Feast for the Eyes

NEW YORK, NY -- Although the 18th-century Royal Academy in London considered still life painting the most trivial of themes for artists to pursue, in 19th-century America, still life, first championed by the prolific Peale family, exploded in popularity. Offerings in the upcoming sale feature exquisite examples encompassing a broad range of movements: from the quietly lush composition of Mary Jane Peale (Lot 62) with an apple just past its prime (a poignant reminder of the fleeting nature of life) to a 20th century riff on a 19th century theme by the surrealist John Wilde (Lot 80). In between are a bevy of beauties: William Mason Brown’s deceptively simple painting of strawberries in a bowl resting on a green book (Lot 63); George Forster’s signature still life incorporating carefully rendered nuts and fruit flies (Lot 64); and De Scott Evans’s trompe l’oeil pair (Lot 65) of hanging fruits – apples in one composition and pears in the other – on deceptively realistic faux boards.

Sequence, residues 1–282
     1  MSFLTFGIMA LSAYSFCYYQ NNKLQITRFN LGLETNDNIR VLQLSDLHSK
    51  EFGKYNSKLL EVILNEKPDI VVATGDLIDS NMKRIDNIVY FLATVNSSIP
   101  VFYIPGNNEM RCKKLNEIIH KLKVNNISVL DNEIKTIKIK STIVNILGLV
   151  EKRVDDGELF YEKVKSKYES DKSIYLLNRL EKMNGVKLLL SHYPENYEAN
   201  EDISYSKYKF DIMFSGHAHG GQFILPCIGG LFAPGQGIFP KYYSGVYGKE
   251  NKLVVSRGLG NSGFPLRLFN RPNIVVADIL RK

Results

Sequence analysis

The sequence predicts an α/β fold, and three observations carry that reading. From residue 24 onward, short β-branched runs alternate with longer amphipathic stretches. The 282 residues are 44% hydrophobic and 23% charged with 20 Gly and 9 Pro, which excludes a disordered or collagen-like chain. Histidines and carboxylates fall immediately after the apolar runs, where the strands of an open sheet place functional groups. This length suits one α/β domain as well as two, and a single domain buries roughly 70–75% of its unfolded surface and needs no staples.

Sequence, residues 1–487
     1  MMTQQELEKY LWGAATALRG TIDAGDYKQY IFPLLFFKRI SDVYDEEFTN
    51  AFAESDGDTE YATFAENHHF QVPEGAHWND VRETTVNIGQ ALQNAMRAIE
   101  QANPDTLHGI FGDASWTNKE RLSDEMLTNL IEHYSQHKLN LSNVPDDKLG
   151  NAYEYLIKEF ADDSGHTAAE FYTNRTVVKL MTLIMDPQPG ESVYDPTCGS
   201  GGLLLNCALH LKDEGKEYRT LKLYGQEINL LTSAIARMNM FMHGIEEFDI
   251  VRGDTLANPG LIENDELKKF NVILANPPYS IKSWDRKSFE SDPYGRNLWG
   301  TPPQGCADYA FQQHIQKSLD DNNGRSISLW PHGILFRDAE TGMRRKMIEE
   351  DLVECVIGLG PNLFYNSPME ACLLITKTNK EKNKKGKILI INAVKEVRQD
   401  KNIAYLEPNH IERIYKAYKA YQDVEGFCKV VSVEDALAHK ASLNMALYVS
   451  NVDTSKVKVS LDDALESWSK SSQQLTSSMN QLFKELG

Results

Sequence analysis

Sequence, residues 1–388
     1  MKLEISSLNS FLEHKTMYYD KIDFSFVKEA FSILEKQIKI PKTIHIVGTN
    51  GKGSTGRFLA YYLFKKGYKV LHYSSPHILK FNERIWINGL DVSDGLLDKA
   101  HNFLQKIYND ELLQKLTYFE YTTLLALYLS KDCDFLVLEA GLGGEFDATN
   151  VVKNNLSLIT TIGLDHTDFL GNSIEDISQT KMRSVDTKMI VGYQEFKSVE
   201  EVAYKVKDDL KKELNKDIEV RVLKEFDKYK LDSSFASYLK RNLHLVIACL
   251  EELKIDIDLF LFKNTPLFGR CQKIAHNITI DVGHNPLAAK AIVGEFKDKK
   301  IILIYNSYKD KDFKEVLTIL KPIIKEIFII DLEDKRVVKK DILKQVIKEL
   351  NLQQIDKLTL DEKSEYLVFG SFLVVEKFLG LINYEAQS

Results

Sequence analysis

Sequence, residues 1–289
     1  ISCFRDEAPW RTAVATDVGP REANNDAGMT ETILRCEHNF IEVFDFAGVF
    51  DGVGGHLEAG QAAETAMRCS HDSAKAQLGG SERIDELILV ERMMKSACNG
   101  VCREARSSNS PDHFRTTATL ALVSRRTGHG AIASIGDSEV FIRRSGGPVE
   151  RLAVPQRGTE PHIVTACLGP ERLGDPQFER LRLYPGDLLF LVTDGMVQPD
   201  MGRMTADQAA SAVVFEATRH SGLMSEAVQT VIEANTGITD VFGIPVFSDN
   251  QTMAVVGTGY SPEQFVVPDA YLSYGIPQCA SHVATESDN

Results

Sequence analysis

George Cochran Lambdin’s Spring Blossoms (Lot 73) beautifully captures the “fine silky texture of the petals” he describes in his 1884 essay about his favorite flower, the rose, in The Art Union Magazine. William Michael Harnett’s austerely handsome rendering, The Pipe Rack (The Artist’s Pipe Rack) (Lot 77) depicts one of his iconic subjects. Two wonderful floral still lifes by John William Hill (Lot 66) and John Casilear (Lot 72) are rare and wonderful explorations of an unusual theme by artists best known for their endeavors in landscape.

Rarely has Doyle offered a sale so rich in still life. We invite you to enjoy this feast for the eyes.

American Paintings, Furniture & Decorative Arts

Auction: Wednesday, Oct 4, 2017 at 10am
Exhibition: Sat, Sept 30, 10am - 5pm / Oct 1, Noon - 5pm / Mon, Oct 2, 10am - 6pm

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Portrait of specialist Anne Cohen  DePietro
Consultant Appraiser, American Art
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